TFSA Announcement: You Can Invest Over $75,000 Now in 2021!

A newbie TFSA investor can invest as much as $75,500 in 2021 and earn tax-free income. The Canadian Utilities stock is a qualified investment that pays a high 5.48% dividend.

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Where to Invest?

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Were you 18 years old or above when the Tax-Free Savings Account (TFSA) was introduced but has never opened one? The TFSA’s contribution room is accumulating for 12 years. From 2009 to 2021, the total available contribution room for a TFSA is now $75,500.

Existing users will have a new $6,000 annual contribution limit. If you have that many investible funds or free cash to invest, make use of the tax-advantaged account. All interest, earnings, gains or dividends in a TFSA are 100% tax-free.

Stocks, bonds, exchange-traded funds (ETFs), guaranteed investment certificates (GICs), and mutual funds are the qualified investments in a TFSA. Cash is too, but it’s not the place to hold idle money. TFSA balances accumulate faster than ordinary savings accounts because contributions are not tax-deductible.

Unequalled flexibility

Apart from the the tax-free features, a TFSA is unequalled in flexibility. Don’t worry about not maxing out your yearly limit. A user who contributed only $4,000 in 2020 can carry forward $2,000 in 2021. This year, the available contribution room will be $8,000 ($2,000 unused plus $6,000 new limit).

You can withdraw funds at any time without incurring penalties whatsoever. Also, you don’t lose your contribution room when you withdraw any amount. You can redeposit the following year when the CRA announces the new limit again.

Multi-purpose investment vehicle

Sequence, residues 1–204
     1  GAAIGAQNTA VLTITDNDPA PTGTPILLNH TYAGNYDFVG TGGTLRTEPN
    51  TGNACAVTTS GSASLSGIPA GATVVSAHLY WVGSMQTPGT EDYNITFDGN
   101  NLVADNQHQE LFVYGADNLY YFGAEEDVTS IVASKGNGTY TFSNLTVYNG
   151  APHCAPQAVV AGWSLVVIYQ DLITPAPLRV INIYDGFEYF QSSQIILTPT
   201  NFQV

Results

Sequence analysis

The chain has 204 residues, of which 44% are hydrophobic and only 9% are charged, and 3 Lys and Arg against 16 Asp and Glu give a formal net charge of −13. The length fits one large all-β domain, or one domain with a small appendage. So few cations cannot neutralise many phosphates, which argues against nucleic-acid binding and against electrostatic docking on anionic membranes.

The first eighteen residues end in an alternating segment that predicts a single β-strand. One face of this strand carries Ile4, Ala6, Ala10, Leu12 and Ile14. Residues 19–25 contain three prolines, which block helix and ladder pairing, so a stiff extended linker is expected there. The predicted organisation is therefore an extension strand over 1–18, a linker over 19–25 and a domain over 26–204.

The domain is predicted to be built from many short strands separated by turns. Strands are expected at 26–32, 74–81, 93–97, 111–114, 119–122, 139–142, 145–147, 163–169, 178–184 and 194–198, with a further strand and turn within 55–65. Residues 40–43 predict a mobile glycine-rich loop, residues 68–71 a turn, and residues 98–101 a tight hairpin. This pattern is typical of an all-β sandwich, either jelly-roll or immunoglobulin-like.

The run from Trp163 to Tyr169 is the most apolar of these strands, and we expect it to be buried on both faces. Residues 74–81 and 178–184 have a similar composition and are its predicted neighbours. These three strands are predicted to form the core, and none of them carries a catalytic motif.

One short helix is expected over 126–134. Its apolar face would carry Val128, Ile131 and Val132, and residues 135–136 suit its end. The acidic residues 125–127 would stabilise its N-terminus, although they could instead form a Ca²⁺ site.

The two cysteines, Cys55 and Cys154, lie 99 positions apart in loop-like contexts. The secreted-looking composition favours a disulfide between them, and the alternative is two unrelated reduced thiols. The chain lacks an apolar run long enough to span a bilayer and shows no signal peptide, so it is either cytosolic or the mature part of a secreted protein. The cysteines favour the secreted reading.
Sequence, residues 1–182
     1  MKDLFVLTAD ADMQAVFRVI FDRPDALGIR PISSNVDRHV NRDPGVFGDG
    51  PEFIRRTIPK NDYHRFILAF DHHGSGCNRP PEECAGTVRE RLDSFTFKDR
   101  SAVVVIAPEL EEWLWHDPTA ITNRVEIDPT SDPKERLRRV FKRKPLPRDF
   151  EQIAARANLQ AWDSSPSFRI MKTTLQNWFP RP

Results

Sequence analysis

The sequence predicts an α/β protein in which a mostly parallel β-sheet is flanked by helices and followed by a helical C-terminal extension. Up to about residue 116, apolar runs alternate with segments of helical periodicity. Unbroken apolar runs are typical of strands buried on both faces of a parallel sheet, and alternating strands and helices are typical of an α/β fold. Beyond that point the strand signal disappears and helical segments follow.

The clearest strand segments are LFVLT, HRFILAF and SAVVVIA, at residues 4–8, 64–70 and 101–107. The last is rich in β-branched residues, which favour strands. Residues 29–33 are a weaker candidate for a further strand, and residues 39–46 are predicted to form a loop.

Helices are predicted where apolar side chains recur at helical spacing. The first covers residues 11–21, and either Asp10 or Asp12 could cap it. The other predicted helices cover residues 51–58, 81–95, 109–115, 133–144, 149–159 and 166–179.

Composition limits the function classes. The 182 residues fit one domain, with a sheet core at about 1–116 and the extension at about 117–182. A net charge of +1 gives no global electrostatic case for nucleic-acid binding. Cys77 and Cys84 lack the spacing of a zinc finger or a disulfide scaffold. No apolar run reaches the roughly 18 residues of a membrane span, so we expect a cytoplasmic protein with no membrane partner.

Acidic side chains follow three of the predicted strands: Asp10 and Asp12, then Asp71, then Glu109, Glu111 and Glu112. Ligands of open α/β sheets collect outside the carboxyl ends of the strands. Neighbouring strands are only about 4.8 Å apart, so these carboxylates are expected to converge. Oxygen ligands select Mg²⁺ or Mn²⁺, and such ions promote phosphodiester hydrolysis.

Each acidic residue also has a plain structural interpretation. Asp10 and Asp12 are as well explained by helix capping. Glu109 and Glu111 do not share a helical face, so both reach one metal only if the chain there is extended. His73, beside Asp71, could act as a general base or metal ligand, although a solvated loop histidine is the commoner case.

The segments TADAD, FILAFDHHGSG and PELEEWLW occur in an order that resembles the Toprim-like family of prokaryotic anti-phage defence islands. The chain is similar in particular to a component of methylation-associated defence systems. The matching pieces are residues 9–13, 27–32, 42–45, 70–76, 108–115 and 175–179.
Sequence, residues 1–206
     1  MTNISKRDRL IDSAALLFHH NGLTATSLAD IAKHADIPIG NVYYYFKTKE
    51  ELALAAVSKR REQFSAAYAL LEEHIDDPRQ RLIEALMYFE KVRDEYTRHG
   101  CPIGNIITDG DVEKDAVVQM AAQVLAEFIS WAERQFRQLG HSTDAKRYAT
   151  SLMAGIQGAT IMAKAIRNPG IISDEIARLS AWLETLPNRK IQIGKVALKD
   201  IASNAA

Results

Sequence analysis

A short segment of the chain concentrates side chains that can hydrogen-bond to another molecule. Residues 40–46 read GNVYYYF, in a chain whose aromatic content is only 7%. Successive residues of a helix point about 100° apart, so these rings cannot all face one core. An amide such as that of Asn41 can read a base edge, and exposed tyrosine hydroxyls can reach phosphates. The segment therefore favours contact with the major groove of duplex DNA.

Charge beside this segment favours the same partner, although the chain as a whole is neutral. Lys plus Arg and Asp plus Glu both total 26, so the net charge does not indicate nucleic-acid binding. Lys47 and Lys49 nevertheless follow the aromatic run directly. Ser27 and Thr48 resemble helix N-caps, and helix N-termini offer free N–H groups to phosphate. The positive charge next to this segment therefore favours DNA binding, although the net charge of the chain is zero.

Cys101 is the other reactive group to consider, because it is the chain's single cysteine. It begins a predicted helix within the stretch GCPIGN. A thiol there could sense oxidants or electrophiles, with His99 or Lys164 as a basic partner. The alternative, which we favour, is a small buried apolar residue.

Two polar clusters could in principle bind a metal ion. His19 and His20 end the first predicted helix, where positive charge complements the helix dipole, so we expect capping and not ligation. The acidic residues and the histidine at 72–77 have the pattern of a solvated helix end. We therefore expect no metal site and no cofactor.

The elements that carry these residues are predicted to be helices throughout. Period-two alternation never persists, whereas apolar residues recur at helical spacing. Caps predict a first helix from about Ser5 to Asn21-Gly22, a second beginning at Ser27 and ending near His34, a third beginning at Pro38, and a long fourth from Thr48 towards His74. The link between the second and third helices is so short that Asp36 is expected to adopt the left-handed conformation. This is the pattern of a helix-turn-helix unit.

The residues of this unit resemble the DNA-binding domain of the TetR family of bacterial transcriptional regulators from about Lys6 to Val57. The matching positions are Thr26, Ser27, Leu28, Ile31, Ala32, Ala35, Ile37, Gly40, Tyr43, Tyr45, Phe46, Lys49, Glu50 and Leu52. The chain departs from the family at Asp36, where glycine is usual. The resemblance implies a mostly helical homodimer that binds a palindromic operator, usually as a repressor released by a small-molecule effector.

The TFSA is best for both short-term and long-term financial goals. Since the compound growth is tax-free, it can help you save faster to purchase a car or make a down payment for a house. Most Canadians use the TFSA and Registered Retirement Savings Plan (RRSP) to save for retirement or build a nest egg.

Fines and penalties

There are rules governing the TFSA, which the Canada Revenue Agency (CRA) enforces. A user can’t over-contribute as the CRA charges a penalty tax per month equivalent to 1% of the excess contribution. Refrain from holding foreign investments as there’s a corresponding 15% withholding tax on foreign source income. Also, don’t carry on a business in your TFSA or else the CRA will tax your earnings.

Fascinating dividend growth streak

Let’s assume you’re a newbie TFSA investor with a $75,500 available contribution room and equivalent cash. You can invest in a Dividend Aristocrat like Canadian Utilities (TSX:CU) that pays a respectable 5.48% dividend. The tax-free income your money will generate annually is $4,137.40.

Canadian Utilities is ideal in a TFSA because it’s a regulated utility company. This 94-year-old firm derives 86% of its earnings from regulated sources while the rest comes from long-term contracted assets.

The company engages in electricity generation, transmission, and distribution in Canada (95% of its customer base) and elsewhere. It also delivers integrated energy and industrial water solutions plus related infrastructure solutions. Growth is very much on the horizon.

Over the next three years, management will set in motion the $3.6 billion capital investment plan. Canadian Utilities will further build a globally-diversified portfolio of utility and energy-related infrastructure assets. But one fascinating reason to hold this stock in a TFSA is the 47 consecutive years of dividend increases.

Max your TFSA limit

Whether the available TFSA contribution room is over $75,000 or $6,000, maximize your account if your finances allow. This year might be another challenging year financially. It would be best to have more buffer, especially if it’s tax free.

This article represents the opinion of the writer, who may disagree with the “official” recommendation position of a Motley Fool premium service or advisor. We’re Motley! Questioning an investing thesis — even one of our own — helps us all think critically about investing and make decisions that help us become smarter, happier, and richer, so we sometimes publish articles that may not be in line with recommendations, rankings or other content.

Fool contributor Christopher Liew has no position in any of the stocks mentioned.

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